By Lóa Schriefer
Instead of having one Santa Clause, Iceland has 13. For the 13 nights leading up to Christmas Eve you are left with a present in your shoe, the shoe must be in a window, or the Santa Clauses won’t see them. Each night, one of the 13 men will visit your home and leave a gift. All of the Santa Clauses or Yule Lads are brothers, and their mother is named Grýla. Grýla is the villain in the Icelandic Christmas story. Much like how American parents use the idea that Santa will give you coal in your stocking if you are bad, Icelandic parents threaten that a giant troll will eat them if they are bad. The story goes: Grýla stuffs you in a sack and travels to her cave where she puts you in her soup and eats you. That might explain why her sons are so strange.
- Stekkjarstaur – The Sheep Worrier
The first to arrive will be Stekkjarstuar. In olden times, and still today, sheep are a very important aspect of Icelandic culture. Sheep made up a huge portion of an Icelanders’ diet and the wool from sheep make the famous Icelandic sweaters. So, this lad comes in and steals milk (sheep’s milk) before leaving his gift.
- Giljagaur – Gully Gawk
The second to arrive is Giljagaur. This lad travels in the dead of night, through dark ravines and along rivers. He used to visit every farmhouse to drink the cream that forms on the top of the barrels of cows milk before leaving a present, but now-a-days he settles for the normal whole milk or cream kept in modern fridges.
- Stúfur – Stubby
The third to arrive is Stúfur. He is very self conscious about his height, because he is the shortest and it takes him the longest to deliver presents. He has to climb over mountains which is unfortunate because his legs are so stubby. Stúfur does not have a specific thing that he does before leaving your home, he simply goes through and eats your leftovers and any food lying
around. A message to children, please leave a stool for him if your window is high.
- Þvörusleikir – Spoon Licker
The fourth to arrive is Þvörusleikir. His special trait is that after you eat, he will sneak into your kitchen and lick all of your spoons. He eats the food off of them and then returns to his hiding place in your home to wait for another spoon to be used so he can lick it. A trick many icelandic children use is to blame Þvörusleikir for licking the spoons when someone is baking and they want a taste. He has a very long tongue due to centuries of spoon licking so don’t be alarmed.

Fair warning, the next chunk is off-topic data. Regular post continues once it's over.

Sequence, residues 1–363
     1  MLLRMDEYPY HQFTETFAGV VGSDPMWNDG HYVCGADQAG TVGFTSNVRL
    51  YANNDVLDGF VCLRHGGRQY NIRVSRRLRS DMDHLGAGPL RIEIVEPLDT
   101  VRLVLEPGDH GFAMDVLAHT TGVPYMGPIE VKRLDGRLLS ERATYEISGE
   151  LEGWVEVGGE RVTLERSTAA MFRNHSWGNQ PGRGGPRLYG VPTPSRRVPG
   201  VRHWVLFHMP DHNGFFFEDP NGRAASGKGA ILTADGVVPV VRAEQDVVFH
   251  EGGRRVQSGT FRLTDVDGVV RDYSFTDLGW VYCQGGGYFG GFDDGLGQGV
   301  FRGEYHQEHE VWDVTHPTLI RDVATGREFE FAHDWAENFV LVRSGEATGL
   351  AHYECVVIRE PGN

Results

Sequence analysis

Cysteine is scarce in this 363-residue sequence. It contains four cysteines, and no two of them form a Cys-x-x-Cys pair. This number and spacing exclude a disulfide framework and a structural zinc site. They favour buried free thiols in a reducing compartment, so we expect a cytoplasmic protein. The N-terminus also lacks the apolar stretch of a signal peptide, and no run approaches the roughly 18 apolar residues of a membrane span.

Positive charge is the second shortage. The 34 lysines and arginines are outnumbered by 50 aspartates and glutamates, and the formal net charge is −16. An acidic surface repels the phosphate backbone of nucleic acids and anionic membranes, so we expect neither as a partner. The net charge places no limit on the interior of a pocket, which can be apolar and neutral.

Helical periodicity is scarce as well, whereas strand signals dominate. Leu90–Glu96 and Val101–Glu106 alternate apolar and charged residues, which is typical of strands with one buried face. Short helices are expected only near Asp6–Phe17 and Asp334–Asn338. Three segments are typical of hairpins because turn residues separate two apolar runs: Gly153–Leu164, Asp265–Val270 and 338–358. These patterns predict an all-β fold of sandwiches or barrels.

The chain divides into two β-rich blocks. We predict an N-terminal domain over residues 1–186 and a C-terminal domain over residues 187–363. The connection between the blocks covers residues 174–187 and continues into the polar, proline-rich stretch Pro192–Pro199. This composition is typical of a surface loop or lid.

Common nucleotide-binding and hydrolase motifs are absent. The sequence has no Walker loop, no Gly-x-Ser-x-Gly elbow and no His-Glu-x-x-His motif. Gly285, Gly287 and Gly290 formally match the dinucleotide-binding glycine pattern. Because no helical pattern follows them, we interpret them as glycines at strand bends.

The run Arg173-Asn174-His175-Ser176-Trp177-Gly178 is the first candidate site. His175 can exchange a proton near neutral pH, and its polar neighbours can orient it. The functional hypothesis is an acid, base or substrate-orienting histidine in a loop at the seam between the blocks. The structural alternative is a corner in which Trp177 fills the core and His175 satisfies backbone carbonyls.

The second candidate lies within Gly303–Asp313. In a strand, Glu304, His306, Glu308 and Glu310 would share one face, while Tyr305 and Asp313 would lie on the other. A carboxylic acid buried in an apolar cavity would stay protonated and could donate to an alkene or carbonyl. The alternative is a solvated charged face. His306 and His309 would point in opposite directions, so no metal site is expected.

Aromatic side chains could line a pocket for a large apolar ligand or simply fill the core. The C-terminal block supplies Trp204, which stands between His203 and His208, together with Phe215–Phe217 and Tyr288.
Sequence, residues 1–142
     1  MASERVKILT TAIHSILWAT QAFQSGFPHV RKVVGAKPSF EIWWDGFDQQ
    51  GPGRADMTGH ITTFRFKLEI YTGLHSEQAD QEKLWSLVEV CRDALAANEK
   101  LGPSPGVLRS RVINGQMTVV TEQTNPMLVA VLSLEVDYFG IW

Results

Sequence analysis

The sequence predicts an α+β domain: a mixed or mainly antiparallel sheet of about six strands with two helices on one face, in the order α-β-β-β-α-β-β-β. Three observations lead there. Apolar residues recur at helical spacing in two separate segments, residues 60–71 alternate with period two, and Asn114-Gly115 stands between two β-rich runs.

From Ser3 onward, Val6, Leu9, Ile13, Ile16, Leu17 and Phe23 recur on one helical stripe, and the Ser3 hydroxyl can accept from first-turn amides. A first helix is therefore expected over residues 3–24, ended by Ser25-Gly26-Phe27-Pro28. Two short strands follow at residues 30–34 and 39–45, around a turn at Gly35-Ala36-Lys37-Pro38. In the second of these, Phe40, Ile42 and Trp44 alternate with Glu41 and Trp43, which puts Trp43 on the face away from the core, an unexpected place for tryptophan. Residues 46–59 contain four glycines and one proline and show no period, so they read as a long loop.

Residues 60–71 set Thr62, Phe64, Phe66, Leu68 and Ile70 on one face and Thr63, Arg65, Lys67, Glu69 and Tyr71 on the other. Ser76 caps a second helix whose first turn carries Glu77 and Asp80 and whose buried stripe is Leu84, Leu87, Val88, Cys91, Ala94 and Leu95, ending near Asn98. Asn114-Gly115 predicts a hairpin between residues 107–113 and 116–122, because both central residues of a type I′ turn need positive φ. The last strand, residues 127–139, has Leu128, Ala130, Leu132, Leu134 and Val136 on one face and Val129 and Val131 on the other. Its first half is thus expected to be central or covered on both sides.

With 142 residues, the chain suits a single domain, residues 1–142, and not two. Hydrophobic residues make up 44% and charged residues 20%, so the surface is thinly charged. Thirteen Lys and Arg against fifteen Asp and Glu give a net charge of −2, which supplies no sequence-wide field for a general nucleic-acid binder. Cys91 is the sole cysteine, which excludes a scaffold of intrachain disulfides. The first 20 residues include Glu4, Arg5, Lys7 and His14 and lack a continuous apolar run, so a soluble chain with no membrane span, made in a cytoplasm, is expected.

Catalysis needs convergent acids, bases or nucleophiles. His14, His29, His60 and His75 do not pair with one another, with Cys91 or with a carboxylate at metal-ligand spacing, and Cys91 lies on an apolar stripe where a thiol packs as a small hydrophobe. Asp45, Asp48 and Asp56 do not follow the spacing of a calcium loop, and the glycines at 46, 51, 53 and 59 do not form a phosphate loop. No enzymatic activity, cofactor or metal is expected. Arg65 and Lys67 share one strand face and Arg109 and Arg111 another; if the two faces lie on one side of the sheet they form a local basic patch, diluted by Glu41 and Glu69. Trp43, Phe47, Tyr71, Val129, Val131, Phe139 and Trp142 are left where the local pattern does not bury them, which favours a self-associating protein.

- Pottasleikir – Pot Licker
The fifth to arrive is Pottasleikir. He will race straight to your kitchen when you are asleep to lick all of your pots and pans. He, much like Þvörusleikir, is looking for the leftovers stuck to the pots and pans before he leaves a present. But this lad will not hesitate to eat anything he finds in a pot or pan even if its full, so if you are preparing a meal for the next day it might be gone in the morning.
- Askasleikir – Bowl licker
The sixth is Askasleikir. I swear this is the last lad to lick stuff in your kitchen! Askasleikir will lick your bowls, he prefers a traditional wooden bowl called an Askur. He hides under your bed until you have finished eating and then sneaks in to lick them clean of course like all the others he will leave you a gift in your shoe as well as clean bowls.
- Hurðaskellir – Door Slammer
The seventh is Hurðaskellir. He is a loud and rambunctious lad who likes to stir up trouble. He will creep into your house silently and then slam and bang on doors as loudly as he can, he is not there to eat but rather to distress you.
- Skyrgámur – Skyr Glutton
The eighth to arrive is Skyrgámur. Skyr is a traditional Icelandic dairy product, it’s not quite yogurt but it is similar. Every Icelandic household has Skyr and have had for centuries. This Lad is pretty lucky because he gets to eat Skyr instead of just scraps, he will eat as much as he possibly can before leaving.
- Bjúgnakrækir – Sausage Stealer
The ninth to arrive is Bjúgnakrækir. A Bjúgu is a huge sausage that in olden times was kept in rafters high off the ground out of reach of animals and children. Bjúgnakrækir used to have to scale up the walls to reach them, but now he conveniently opens the fridge and voila!
- Gluggagægir – Window Peeper
The tenth to arrive is Gluggagægir. He creeps around houses, peeping into windows. He looks for little things to steal while he is in the house leaving presents. Gluggagægir is blamed for anything going missing throughout the year, but he himself sees nothing wrong sense he is leaving and gift and taking one.
- Gáttaþefur – Door Sniffer
The eleventh to arrive is Gáttaþefur. He smells the traditional “leaf bread” from miles away and tracks the scent to your door. The tradition of making leaf bread is dwindling but my family still does it every year. Gáttaþefur will steal the leaf bread any chance he gets and then he waits for everyone to go to bed before he leaves presents.
- Ketkrókur – Meat Hook
The twelfth to arrive is Ketkrókur. In the times of smoking meat in ones home, Ketkrókur would climb up your house and reach into your chimney with a hook and grab the hanging meat. If there was food on the fire then he would also grab that but only if it had meat, he ate nothing else. It is traditional to eat smoked lamb for christmas so he always had plenty to eat. Nowadays he simply goes to the fridge but still always carries his hook.
- Kertasníkir – Candle Beggar
The thirteenth to arrive is Kertasníkir. Candles were a common gift in olden times, thus there were plenty around for him. It is also very dark during the winter in Iceland so candles were a necessity during those months. At that time the candles were made from animal fat, so Kertasníkir would eat them, leave a gift, and run back home over the mountains.
There you are, the 13 Icelandic Yule Lads!